Data observability vendor LogicMonitor's new LM Logs system aims to make it easier and cheaper for enterprises to analyze problems within their IT systems all from a single unified platform.
The vendor, based in Santa Barbara, Calif., introduced the new log management tool Wednesday.
What logs do
Logs analyze an enterprise's system to determine what's normal. One method of log analysis is log intelligence, which is powered by AI and automation.
One of the biggest challenges enterprises face in managing their IT infrastructure is coordinating the profusion of different management tools spread out across the organization, according to John Chessman, an analyst at Gartner. These can include infrastructure and application monitoring and log management tools.
When issues occur, multiple tools can provide alerts, but the probability that all the tools are malfunctioning is low.
Benefits of logs
Chessman said to solve the proliferation of tools many vendors, including LogicMonitor, are starting to offer products in which all the monitoring tools can be put in one place and enterprises can get a better, more unified view of what is causing major problem within their systems.
Josh ChessmanAnalyst, Gartner
"Logs are a key part of that because they provide a lot of really interesting and valuable information about how things like applications and devices are working," Chessman said.
LogicMonitor's new log management platform enables enterprises to put logs from all their various networks, devices and data sources such as the cloud in one place. IT professionals can query all these elements individually or jointly, while also applying machine learning to all the disparate data to get a broad view of what's happening in their systems.
LM Logs uses AIOps and automation capabilities to pick up on problems in an organization's data environment before they become widespread.
The platform's key feature is an unlimited log retention tool that boosts organizations' ability to retain and analyze data for business intelligence, and forensic and regulatory needs. It provides 30-day, one-year and unlimited data retention options.
Chessman said that while LogicMonitor is providing affordable SaaS-based unlimited log storage, vendors such as Splunk, and others are doing similar things.
LogicMonitor charges $6 per gigabyte per month for one-year retention of log data, and now offers $12 per GB per month for unlimited log data retention.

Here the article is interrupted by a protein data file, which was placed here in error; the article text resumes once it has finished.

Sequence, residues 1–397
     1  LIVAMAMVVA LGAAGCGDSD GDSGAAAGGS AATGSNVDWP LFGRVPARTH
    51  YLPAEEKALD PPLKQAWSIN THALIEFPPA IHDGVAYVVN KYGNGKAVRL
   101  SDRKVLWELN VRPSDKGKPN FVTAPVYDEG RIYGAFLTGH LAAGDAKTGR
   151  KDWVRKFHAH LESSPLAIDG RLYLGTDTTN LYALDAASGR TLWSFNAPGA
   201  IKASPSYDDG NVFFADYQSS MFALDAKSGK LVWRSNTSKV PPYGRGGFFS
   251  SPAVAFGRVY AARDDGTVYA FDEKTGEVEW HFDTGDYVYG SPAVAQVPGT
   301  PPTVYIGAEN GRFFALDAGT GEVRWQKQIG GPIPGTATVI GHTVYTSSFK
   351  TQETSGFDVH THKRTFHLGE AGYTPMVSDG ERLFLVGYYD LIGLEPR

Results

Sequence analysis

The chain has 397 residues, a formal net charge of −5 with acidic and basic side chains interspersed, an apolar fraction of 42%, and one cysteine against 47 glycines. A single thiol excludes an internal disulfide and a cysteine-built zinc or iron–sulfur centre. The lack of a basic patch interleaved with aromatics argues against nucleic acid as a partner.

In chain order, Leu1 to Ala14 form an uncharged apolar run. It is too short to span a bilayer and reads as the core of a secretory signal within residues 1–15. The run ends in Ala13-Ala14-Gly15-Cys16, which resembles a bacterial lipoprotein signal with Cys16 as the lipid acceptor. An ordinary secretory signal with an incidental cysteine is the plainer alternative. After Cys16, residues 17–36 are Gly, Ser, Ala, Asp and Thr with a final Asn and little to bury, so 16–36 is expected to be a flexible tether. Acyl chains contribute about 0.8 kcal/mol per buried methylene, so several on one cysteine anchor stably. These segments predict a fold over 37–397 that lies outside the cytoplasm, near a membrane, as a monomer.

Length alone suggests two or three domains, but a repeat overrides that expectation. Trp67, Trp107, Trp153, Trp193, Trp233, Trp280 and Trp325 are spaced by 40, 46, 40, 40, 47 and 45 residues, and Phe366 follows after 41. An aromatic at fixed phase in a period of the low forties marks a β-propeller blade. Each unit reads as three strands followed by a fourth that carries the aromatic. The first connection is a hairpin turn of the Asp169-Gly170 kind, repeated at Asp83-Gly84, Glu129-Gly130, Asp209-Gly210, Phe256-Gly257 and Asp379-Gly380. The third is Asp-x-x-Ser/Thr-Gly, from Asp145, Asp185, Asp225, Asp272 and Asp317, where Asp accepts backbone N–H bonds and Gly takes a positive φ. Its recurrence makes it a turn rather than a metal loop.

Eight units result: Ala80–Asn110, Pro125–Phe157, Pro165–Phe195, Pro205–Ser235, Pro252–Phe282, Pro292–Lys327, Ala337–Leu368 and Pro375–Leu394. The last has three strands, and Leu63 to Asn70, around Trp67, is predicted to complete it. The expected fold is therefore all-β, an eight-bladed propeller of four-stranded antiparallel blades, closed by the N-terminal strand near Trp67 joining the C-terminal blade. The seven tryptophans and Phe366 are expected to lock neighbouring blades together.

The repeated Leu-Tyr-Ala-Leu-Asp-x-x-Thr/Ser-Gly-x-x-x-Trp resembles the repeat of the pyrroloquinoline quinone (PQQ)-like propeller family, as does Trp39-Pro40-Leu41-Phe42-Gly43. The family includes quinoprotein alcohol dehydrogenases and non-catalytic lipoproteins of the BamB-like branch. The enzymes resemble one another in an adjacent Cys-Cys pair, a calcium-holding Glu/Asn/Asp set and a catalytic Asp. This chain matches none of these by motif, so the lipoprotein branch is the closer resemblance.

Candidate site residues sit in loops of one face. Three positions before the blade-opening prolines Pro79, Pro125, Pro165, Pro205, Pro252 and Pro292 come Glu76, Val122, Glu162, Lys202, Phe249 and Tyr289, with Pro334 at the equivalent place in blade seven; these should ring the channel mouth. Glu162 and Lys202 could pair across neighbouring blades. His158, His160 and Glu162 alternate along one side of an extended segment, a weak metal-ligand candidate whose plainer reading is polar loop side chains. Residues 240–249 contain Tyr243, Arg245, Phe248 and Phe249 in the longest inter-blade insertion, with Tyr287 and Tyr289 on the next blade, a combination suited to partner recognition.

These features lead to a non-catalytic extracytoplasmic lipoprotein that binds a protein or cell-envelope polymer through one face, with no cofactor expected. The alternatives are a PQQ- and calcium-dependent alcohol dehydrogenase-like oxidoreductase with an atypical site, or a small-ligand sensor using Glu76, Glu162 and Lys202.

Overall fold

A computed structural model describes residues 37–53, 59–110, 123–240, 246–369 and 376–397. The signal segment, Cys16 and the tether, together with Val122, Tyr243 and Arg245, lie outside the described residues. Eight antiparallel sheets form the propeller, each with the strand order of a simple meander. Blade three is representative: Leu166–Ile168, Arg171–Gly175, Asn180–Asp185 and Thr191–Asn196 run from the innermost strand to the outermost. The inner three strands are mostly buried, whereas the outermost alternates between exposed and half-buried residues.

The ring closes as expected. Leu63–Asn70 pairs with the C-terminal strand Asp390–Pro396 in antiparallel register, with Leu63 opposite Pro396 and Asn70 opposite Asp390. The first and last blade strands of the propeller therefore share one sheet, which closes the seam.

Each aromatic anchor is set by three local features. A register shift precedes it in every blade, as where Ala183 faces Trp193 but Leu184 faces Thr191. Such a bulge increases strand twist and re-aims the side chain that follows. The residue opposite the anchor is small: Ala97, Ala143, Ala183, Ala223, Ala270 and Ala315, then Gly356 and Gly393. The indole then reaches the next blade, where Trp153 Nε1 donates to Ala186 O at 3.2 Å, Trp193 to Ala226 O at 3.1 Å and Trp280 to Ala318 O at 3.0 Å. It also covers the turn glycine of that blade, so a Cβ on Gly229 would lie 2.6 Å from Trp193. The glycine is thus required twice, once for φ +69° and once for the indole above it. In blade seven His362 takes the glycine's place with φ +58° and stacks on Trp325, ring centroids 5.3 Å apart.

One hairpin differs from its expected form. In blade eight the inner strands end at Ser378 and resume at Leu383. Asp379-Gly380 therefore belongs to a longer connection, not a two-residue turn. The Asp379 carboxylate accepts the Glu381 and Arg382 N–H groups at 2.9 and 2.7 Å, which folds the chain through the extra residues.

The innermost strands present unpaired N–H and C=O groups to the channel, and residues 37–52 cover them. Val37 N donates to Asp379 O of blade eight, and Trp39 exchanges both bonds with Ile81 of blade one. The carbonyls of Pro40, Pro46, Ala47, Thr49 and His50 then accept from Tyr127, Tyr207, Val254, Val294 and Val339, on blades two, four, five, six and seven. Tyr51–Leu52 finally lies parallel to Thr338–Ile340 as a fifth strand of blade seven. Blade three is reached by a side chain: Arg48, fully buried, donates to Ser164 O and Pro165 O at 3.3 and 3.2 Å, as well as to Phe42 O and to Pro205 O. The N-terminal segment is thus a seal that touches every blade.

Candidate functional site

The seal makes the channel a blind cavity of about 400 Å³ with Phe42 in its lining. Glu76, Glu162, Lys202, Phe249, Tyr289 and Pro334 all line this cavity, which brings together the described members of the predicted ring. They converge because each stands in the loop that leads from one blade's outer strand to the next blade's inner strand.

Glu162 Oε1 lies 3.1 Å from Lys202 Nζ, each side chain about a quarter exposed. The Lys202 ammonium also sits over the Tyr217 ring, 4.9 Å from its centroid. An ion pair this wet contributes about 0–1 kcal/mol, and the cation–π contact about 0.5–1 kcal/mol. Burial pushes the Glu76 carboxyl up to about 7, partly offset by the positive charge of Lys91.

Some of LogicMonitor's competitors are offering similar value proposition with platforms that unify all of a company's data, including logs, events and metrics, as well as analyze data from multiple tools.
LogicMonitor began as an infrastructure-monitoring vendor but made acquisitions in application monitoring to try to fill out this breadth of data support. Application performance monitoring companies such as New Relic and Dynatrace, meanwhile, also added infrastructure monitoring support.
In the traditional log monitoring arena, Sumo Logic, Grafana and Elastic also have each offered reduced-cost data ingestion and retention deals as data volume skyrockets. Grafana's Loki log management system also launched with a data retention cost message.
Also, LogicMonitor now joins a host of other vendors in offering AIOps capabilities.
For LogicMonitor, ironically, the relatively inexpensive price point is a potential weakness, Chessman said.
"If they have too many people signing up and it's costing them more than [the price they're offering it for], that isn't going to work for a long time," he said.
Another challenge is that customers that may already be using a different platform will probably choose not to migrate large amounts of data from that different platform to LogicMonitor's, Chessman said.
Yet another hurdle for the vendor to overcome is that if a potential customer already has custom applications using another platform's API, it would then be difficult to try to rebuild that to work with LogicMonitor. That could take weeks, months or years to rebuild the apps, he said.
"One of the challenges [LogicMonitor faces] is how many people who are using them for other stuff want this or are in a position to leverage it," he said.
"I think having everything in one place, there are definite benefits to it, but there are always potential challenges or caveats or issues."
Editor's note: Senior news writer Beth Pariseau contributed to this story.